2 Answers

  1. Many years ago, various models of self-learning artificial intelligence were discussed at SSC. The essence of his work is to build a predictive system — that is, he needs to be able to feed the mechanics of a chess game, and he himself, through trial and error, found out how it works and what needs to be done.

    So, if the main motivation of the AI is to reduce uncertainty (let's call it directive A), it will sit in one place and not move, because this reduces uncertainty to zero. To compensate for this mechanism, he must have the same strong motivation to try something new and see what happens (let's call it Directive B), although this increases uncertainty, and therefore goes against Directive A.

    So, about the excursions.

    When I was still at school, I tried to drag my friends to the Tretyakov Gallery — of course, no one had ever been there, we didn't take the whole class on excursions, but for some reason there was a theory that if you just put a person in the same room with a masterpiece, something would happen. What he is, I do not know, well, will approach him at least.

    After many years of practice, the theory was not confirmed. My mistake was that I defined the problem as a lack of accessibility — that people aren't interested in art because it doesn't come across in everyday life (option: listen to klubnyak because they just haven't heard Yanka yet), but even a one-time intersection should be enough for that…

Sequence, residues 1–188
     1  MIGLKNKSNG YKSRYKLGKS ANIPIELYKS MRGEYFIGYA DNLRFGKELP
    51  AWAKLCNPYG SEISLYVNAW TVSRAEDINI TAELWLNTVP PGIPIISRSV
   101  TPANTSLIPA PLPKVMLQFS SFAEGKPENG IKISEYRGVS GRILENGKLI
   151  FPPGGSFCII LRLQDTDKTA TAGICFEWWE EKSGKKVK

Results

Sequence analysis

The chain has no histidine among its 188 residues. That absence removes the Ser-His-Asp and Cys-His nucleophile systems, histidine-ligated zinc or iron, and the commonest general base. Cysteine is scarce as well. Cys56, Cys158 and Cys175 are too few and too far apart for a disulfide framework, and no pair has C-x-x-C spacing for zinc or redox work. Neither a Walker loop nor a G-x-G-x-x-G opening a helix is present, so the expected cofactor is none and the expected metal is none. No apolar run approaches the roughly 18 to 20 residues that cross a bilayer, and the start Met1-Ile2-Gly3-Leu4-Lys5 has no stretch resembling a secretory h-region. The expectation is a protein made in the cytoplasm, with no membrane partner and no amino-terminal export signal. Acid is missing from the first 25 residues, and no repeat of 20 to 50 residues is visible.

…As I said, it was at school, which should probably excuse my naivete.

    In general, the problem has never been a lack of interest in art. The problem was the lack of directive B.

    A person who has the B directive can be attracted to absolutely any complexity. Art, philosophy, exact sciences, social sciences, whatever. He will have preferences and predispositions, but at least he admits that he can go to the museum and find something on his topic there.

    The people I dragged to the museum for some reason just didn't understand why they should be interested in something. This is not my assumption, I always tried to get them to talk, and at the bottom it always turned out to be ” why?”. With age, the lack of interest was replaced by an empty repetition of some platitudes about national geniuses, and as a result, ignorance became even worse.

    Now I go to the museum not with those who know something or do not know — I try to go with those who are interested. Who has a palpable love of complexity, variety, and nuance, not for any other purpose, but for their own sake.

    If not, no.

  2. Yes, I like it. Questions from people who are not close to the subject of the exhibition often make you think and formulate clear answers. Such questions are often unusual. Although there are always a number of standard ones. In addition, such people, as a rule, are very interested in the exhibition, for them to visit a gallery or museum is an event, and it always responds very warmly.

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